By Bryan Watts | firstname.lastname@example.org | (757) 221-2247
July 5, 2019
The Center for Conservation Biology has compiled the results of the 2018 colonial waterbird survey that included 270 colonies of 23 species (aerial surveys for great blue herons and great egrets were not conducted in 2018 due to financial constraints). The 2018 benchmark survey was the fifth in a series of surveys conducted by a consortium of partners since 1993. The surveys are designed to determine the status and distribution of colonial waterbirds across the Coastal Plain of Virginia. In 2018, colonies supported more than 44,000 breeding pairs, with gulls being the most abundant group (19,700 pairs: 44%) followed by terns (8,360 pairs: 19%) and long-legged waders (6,390 pairs: 14%). The barrier island/lagoon system along the Eastern Shore was the most important region within the Coastal Plain, accounting for 58.8% and 46.6% of all breeding pairs and colonies respectively.
The colonial waterbird community as a whole has declined dramatically since 1993, with 15 of the 22 species with comparable data declining from 1993 to 2018. Fourteen species declined by more than 40% and nine species have declined by more than 60%. Cattle egrets showed the highest loss rate (-96.7%) declining from 1,459 to only 48 pairs. Little blue herons declined by 83%, from 374 to only 64 pairs. Seven species increased between 1993 and 2018. We documented dramatic expansions for white ibis, double-crested cormorants, and brown pelicans.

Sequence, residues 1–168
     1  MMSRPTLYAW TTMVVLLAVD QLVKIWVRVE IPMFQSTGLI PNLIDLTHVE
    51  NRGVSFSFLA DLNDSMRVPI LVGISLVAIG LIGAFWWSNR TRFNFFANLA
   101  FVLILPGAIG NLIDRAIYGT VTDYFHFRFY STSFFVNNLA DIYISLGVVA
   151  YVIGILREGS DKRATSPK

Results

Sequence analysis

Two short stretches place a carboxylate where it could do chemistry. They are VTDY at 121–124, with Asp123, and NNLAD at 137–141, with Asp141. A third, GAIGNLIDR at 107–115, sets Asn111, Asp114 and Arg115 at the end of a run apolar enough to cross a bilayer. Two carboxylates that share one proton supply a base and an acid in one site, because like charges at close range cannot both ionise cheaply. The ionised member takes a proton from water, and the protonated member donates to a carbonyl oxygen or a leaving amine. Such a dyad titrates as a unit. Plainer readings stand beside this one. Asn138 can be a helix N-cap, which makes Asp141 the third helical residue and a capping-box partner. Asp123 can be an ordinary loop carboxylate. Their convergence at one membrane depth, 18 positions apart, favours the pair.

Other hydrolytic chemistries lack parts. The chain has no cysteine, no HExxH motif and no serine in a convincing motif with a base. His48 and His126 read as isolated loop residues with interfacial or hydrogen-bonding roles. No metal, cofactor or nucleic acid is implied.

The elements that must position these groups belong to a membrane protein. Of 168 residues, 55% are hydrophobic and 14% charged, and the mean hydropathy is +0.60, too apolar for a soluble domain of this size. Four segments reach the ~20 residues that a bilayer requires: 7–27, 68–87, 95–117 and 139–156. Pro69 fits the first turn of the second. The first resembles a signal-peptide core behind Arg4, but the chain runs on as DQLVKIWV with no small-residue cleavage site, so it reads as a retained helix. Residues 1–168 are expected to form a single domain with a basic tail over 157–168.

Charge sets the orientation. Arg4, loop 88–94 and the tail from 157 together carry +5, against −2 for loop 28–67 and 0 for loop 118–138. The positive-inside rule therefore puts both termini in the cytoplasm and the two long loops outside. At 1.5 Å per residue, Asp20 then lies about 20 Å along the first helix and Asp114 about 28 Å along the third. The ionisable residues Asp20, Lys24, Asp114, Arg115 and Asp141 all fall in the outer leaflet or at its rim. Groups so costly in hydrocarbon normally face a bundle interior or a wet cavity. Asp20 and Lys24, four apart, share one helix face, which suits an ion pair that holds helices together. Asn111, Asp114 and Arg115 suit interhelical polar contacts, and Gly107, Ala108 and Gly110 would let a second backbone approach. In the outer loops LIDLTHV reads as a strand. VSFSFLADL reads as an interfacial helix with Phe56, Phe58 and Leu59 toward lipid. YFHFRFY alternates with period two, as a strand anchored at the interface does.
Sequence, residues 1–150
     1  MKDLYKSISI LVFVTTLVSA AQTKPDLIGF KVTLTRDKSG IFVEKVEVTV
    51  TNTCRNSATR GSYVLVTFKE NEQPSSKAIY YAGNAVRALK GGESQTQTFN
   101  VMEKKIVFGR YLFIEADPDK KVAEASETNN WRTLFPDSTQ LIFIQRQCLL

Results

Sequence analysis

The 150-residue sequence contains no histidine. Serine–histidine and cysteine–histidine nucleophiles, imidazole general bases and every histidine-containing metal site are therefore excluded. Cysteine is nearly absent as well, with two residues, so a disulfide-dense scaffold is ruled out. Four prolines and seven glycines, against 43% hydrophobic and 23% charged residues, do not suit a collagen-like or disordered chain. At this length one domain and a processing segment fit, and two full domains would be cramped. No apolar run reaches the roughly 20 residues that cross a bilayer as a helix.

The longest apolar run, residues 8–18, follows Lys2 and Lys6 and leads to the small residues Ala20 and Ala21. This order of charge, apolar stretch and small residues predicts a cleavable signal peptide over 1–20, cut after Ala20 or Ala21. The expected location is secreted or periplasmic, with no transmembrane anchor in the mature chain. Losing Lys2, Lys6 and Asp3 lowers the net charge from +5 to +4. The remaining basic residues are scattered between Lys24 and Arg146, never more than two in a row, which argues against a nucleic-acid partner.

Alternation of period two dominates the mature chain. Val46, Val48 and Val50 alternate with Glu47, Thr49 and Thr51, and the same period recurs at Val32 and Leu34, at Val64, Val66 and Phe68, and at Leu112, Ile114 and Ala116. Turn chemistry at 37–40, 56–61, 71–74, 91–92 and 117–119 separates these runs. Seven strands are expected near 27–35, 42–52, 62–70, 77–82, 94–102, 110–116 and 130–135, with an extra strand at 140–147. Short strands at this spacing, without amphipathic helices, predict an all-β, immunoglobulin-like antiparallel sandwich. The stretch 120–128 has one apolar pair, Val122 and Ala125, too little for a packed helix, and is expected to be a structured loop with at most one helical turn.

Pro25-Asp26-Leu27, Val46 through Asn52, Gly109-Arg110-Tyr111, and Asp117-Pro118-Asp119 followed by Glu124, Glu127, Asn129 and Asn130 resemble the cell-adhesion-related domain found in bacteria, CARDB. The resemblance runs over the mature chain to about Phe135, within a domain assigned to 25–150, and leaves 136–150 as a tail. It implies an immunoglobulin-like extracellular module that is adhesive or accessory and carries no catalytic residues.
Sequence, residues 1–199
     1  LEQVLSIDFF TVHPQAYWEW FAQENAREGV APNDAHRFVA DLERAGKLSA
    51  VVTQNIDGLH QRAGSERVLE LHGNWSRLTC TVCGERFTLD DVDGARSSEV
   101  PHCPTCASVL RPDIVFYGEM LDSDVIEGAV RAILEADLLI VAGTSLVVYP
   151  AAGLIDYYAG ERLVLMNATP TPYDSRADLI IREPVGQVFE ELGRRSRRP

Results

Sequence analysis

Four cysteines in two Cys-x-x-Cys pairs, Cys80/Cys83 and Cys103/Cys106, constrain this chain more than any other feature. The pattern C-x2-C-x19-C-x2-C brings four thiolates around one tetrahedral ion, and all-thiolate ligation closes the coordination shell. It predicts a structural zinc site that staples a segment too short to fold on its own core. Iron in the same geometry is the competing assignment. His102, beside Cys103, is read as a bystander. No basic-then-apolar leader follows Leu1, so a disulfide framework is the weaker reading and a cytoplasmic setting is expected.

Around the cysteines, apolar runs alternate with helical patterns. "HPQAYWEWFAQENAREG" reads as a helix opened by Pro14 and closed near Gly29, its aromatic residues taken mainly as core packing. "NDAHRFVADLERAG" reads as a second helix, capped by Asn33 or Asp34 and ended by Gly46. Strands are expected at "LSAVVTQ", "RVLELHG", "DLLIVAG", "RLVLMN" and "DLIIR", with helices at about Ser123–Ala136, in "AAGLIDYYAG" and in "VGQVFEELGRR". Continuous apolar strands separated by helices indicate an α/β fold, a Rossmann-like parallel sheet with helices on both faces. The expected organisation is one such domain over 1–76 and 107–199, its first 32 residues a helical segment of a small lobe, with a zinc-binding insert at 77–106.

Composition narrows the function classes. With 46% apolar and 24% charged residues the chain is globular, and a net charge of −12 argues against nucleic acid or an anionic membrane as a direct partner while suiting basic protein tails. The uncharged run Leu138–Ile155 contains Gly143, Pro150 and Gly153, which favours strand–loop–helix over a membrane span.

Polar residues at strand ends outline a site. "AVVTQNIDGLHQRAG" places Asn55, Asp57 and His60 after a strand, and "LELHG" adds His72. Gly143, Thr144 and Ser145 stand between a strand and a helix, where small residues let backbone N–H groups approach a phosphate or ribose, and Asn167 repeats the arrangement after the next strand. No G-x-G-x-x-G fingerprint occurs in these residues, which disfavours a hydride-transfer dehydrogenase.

Over the past 25 years, two major forces appear to be shaping the colonial waterbird community in Virginia, including 1) regional shifts in population centers that are driving population increases and 2) habitat degradation related to sea-level rise. With the exception of great egrets, all species that have increased over the past 20 years have experienced ongoing range expansions and are riding a population wave that is progressing through Virginia. This includes great black-backed gulls, double-crested cormorants, brown pelicans, and white ibises. Most of the decline in medium-sized waders is being driven by habitat loss related to erosion of islands. This erosion results from sea-level rise, is ongoing, and represents a significant threat to these populations. Several ground-nesting seabirds are likely more directly impacted by the loss of viable habitat and demographic impacts related to frequent flooding. The most notable example is the laughing gull that has experienced a catastrophic decline in both population and distribution.
Many individuals and organizations contributed to the success of the 2018 survey, including the Virginia Department of Game & Inland Fisheries, the Virginia Coastal Zone Management Program, The Nature Conservancy, the Virginia Department of Transportation, the Natural Heritage Program of the Virginia Department of Conservation and Recreation, the U.S. Fish and Wildlife Service, the Army Corps of Engineers, the Animal and Plant Health Inspection Service of USDA, Virginia Tech, and Old Dominion University.